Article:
I’d like to explain why moderates didn’t like “truth without any mixture of error” because I was one of those at one time. I believe you put words in our mouths when you said they believed there were errors in Scripture. They believed there were errors in the Bible, and that’s a big big difference, because some words in the Bible are NOT Scripture.

I think you will agree that lies of men and the devil did not come from God and therefore they are Not Scripture. The same with ignorance and stupidity.

Have you wondered why the word “mixture” was in the statement? It never made sense to me until the presiding lawyer at the 2004 SBC explained it. He said, “Mixture means the truth of the Bible is true and the untruth of the Bible is not true.” He was quick to add, “That’s why we added—all Scripture is totally true and trustworthy.”

Scripture—yes; that’s exactly what I believe and I’ve always believed that as a moderate.
And the Gospel, yes—count me in too.
Rex Ray

Anonymous said...

Jim and Rex:

Thanks for addressing my posted offerings regarding life in the SBC and its faith statements. Sometimes, you wonder if people skip-over a long posting on these blogs!

If you want to know what I really believe from the Bible, I'm going to hand you a Bible and tell you to read it. If you want to know what I believe from the Bible "in a nutshell," I'm going to hand you a copy of the Baptist Faith & Message--any year's version because it doesn't matter if what you want to know only is a REPRESENTATION of my personal theological persuasions. Only via a conversation with me and a reading of the Bible I hand to you can you know EXHAUSTIVELY what I believe (unless I keep posting these long comments on Wade's blog!).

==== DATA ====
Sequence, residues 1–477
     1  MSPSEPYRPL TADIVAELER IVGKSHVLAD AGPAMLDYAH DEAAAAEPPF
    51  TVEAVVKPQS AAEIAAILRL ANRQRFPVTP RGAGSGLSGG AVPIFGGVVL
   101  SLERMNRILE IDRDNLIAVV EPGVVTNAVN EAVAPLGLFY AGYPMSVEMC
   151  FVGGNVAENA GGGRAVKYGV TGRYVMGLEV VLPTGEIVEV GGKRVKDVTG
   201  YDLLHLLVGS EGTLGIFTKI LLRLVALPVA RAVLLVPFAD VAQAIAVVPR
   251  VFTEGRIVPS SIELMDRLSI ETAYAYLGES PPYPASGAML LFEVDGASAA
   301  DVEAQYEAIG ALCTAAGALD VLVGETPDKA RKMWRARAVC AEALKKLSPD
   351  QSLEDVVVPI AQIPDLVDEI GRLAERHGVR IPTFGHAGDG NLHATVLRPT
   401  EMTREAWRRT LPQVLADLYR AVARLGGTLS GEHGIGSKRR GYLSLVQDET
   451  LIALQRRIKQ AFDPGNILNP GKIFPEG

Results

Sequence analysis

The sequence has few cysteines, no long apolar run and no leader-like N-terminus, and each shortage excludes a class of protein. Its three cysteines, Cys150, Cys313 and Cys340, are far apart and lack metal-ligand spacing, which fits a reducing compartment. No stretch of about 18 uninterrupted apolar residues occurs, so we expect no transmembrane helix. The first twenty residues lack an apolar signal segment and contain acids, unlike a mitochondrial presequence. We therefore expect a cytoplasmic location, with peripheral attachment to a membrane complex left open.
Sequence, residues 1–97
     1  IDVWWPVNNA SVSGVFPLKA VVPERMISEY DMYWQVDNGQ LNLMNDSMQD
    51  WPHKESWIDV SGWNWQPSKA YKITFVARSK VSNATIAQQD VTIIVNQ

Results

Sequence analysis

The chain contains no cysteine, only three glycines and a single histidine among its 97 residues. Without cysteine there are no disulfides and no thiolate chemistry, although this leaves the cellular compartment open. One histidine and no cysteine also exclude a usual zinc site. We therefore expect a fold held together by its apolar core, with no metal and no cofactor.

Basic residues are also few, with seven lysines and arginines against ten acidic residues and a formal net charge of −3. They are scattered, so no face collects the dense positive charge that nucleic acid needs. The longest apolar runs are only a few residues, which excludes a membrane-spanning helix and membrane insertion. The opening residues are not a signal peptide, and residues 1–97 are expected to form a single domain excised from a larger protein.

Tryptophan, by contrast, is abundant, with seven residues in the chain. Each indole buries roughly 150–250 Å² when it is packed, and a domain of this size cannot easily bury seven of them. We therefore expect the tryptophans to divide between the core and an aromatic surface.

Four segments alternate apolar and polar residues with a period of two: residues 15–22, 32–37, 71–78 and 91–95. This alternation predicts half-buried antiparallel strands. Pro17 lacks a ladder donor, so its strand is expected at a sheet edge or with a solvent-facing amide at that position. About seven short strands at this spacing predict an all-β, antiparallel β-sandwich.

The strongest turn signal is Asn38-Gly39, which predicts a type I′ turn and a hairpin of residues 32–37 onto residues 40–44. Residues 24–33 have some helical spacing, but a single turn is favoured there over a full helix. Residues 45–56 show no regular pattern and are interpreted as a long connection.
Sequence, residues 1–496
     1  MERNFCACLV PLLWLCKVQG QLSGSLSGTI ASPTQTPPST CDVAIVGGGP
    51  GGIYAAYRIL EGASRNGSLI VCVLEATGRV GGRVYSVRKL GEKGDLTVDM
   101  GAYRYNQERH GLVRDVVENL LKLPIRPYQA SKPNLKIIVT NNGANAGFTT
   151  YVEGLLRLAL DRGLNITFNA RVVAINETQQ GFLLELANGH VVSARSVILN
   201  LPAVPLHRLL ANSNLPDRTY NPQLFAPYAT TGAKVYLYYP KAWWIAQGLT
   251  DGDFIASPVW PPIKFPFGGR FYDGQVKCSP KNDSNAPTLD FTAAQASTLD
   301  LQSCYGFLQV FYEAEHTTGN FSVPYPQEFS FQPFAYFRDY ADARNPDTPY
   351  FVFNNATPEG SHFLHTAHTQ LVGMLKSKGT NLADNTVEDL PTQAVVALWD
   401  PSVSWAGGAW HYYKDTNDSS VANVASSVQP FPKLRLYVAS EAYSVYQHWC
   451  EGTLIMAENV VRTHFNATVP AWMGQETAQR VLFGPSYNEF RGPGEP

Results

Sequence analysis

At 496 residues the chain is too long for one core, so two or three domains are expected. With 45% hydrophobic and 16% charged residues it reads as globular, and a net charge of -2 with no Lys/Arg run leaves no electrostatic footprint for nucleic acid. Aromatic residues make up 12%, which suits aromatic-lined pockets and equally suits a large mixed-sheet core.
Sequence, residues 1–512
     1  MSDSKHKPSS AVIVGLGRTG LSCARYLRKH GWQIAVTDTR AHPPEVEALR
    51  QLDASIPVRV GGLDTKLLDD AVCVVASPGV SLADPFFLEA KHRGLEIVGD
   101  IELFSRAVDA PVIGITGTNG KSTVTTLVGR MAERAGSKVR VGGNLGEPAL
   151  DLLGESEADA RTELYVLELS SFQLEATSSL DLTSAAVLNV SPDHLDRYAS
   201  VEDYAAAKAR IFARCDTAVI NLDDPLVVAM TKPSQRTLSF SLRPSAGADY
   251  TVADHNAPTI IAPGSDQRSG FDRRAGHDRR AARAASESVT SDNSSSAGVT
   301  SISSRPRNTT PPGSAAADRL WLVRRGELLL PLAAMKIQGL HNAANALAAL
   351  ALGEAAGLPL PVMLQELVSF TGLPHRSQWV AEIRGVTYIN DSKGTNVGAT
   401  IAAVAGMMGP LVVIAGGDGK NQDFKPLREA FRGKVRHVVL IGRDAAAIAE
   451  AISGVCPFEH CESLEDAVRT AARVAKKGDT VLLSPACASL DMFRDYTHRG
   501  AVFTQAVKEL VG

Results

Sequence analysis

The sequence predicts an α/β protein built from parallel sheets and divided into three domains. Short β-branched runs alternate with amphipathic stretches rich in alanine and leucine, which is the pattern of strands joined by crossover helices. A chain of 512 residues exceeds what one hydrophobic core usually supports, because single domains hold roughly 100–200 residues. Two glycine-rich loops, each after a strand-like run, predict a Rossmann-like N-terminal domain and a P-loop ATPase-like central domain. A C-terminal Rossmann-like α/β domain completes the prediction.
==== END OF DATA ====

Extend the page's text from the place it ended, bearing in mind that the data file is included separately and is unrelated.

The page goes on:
Jim, read a little closer, brother. I'm not into rewriting history--I'm into reconciliation that God will smile about. If there were ANY who didn't like the BF&M 1963 version, there certainly weren't MANY--proportionately, every single SBC'er in days gone by, including Paige Patterson himself (as if he's the epitome of what it means to be a SBC'er), stood on that statement as probably the best such document ever penned to explain believers' view of the Bible and its doctrines. Was it a perfect document?--No; did we know it?--Yes; would it suffice?--It did, for 25 years until the prevailing spirit (not beliefs, not attitude initially) in the SBC changed for ungrounded reasons, then the course of the convention in important areas (baptisms, membership, etc.) began to decline (or to become susceptible to decline; 90% of SBC churches now are plateaued or declining in terms of numerical growth--our preferred versions of the BF&M statement, and 20 million LifeWay Bible lessons taught annually in Sunday School, notwithstanding) because the main thing no longer was the main thing--it was the second or third main thing. I agree with whoever else has said it here: Christianity is Christ--not Bible first of all--and it's initially all about personal relationship with Him; He brought both grace and truth, and we can't begin to know the truth--or to understand the doctrines written about in the BF&M statements (or to be reconciled with each other)--without that relationship (John 1:17). If you or anyone you know holding to the BF&M 2000 has another way to bring together Christian brothers who basically agree but are needlessly fussing with each while people go to Hell, I'd like to see it--because it isn't being offered (this blogsite, though, is one example of something being offered; it has come a LONG way over the past year from where it started to where it is today offering some hope for setting aside what doesn't matter as much among us in order to focus on our doing what does matter most).